Earth Science Week (ESW) is a national and international event created to help the public gain a better understanding and appreciation for the Earth Sciences and to encourage stewardship of the Earth. Traditionally held in the second full week of October, Earth Science Week encourages the understanding and promotion of earth science at local, state, national and international levels. Since October 1998, the American Geosciences Institute (AGI) has organized the Earth Science Week. The objectives of Earth Science Week are:
• To engage students in discovering the Earth sciences.
• To remind people that Earth science is all around us.
• To encourage Earth stewardship through understanding.
• To motivate geoscientists to share their knowledge and enthusiasm about the Earth.
The term “Earth system” refers to Earth´s interacting physical, chemical, and biological processes. The system consists of the land, oceans, atmosphere and poles. It includes the planet’s natural cycles — the carbon, water, nitrogen, phosphorus, sulphur and other cycles – and deep Earth processes. Life too is an integral part of the Earth system. Life affects the carbon, nitrogen, water, oxygen and many other cycles and processes.
The Earth system now includes human society, our social and economic systems are now embedded within the Earth system. In many cases, the human systems are now the main drivers of change in the Earth system.
Geospatial technology refers to equipment used in visualization, measurement, and analysis of earth’s features, typically involving such systems as GPS (global positioning systems), GIS (geographical information systems), and RS (remote sensing). Its use is well-known and widespread in the military and in homeland security, but its influence is pervasive everywhere, even in areas with a lower public profile, such as land use, flood plain mapping and environmental protection.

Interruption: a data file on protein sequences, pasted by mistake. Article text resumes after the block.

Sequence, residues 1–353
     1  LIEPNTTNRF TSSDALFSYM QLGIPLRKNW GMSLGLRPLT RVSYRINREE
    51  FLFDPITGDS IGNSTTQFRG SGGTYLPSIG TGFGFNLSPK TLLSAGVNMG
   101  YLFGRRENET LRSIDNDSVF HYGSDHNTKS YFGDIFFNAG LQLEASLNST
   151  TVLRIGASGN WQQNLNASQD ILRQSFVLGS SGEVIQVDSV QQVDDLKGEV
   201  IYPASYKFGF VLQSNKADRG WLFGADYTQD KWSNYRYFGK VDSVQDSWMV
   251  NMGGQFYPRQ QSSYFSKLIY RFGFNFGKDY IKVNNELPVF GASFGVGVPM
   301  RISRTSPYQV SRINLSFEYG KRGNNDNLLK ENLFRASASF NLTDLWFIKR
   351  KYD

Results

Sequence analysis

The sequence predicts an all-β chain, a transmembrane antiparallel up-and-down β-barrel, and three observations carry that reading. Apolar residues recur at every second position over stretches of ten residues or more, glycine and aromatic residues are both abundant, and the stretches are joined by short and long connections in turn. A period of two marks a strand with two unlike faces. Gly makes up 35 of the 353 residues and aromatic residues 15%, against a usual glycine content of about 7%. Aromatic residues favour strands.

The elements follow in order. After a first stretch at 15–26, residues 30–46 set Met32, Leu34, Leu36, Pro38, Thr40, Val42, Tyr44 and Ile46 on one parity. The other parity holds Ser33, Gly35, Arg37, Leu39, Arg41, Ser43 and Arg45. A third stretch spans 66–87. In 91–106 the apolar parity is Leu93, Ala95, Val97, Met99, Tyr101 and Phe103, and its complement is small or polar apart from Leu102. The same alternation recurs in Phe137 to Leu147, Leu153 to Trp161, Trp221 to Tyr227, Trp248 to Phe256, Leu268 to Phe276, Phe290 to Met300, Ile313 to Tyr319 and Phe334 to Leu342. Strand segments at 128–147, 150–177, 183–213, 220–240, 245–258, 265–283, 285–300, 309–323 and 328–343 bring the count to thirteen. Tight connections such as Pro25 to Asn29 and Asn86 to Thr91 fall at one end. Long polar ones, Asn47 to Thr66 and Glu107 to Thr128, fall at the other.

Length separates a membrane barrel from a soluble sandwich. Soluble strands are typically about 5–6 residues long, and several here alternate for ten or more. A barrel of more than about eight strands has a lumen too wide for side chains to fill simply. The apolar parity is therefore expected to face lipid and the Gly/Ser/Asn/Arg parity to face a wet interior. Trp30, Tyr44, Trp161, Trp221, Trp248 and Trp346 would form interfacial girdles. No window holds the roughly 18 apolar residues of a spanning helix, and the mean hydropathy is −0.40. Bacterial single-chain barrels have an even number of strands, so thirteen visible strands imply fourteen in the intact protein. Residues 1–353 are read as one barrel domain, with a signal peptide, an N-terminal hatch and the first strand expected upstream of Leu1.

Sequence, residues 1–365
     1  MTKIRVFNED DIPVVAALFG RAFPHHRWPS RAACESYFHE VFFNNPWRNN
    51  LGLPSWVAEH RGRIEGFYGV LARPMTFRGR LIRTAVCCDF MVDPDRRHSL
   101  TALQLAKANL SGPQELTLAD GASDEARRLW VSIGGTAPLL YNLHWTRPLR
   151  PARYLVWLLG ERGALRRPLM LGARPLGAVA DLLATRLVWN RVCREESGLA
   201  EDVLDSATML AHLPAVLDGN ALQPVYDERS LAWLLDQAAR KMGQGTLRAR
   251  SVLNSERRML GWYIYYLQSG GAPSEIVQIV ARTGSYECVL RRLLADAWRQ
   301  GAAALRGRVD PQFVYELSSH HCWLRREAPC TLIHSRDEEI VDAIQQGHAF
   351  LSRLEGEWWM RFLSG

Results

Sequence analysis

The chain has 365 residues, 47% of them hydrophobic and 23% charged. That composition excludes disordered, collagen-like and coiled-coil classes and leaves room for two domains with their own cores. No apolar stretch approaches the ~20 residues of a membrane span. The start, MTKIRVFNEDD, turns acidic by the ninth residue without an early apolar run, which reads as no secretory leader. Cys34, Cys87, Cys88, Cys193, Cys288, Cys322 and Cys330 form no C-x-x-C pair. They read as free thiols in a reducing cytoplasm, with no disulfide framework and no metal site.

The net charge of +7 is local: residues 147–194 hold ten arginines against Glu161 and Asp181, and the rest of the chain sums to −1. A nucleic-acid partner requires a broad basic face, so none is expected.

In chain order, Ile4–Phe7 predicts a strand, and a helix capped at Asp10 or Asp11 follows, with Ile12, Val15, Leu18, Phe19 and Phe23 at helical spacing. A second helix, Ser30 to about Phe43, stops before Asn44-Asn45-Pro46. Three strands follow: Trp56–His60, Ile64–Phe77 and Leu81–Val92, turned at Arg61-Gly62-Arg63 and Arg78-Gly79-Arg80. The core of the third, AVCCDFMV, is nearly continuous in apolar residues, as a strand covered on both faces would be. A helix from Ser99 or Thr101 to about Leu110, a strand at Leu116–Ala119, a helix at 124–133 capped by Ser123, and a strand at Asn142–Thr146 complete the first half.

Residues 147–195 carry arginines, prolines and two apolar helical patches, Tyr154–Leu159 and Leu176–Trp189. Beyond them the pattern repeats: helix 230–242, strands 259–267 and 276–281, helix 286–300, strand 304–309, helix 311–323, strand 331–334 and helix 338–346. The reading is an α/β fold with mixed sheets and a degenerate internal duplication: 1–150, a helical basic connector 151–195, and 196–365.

Visualizing Earth Systems is a form of Environmental Monitoring. It monitors many different aspects of the environment, including solar flares, weather, air quality, migratory birds, fish, insects that carry human diseases, forests, water quality and quantity, changes in permafrost, and the ecology of national parks.
Environmental monitoring is critical to knowing whether the quality of our environment is getting better or worse. Information gathered through environmental monitoring is important to many different decision makers, inside and outside the government. With the results of monitoring, the government can make informed decisions about how the environment will affect citizens and how citizens are affecting the environment. Outside the government, the information is used by many people, such as municipal engineers to design flood control systems or public health experts to design effective policies. Timely and effective responses to environmental emergencies, such as spills, are impossible without adequate information. Farmers, hunters, foresters, and fishers all need to know what is happening to the natural resources they rely on.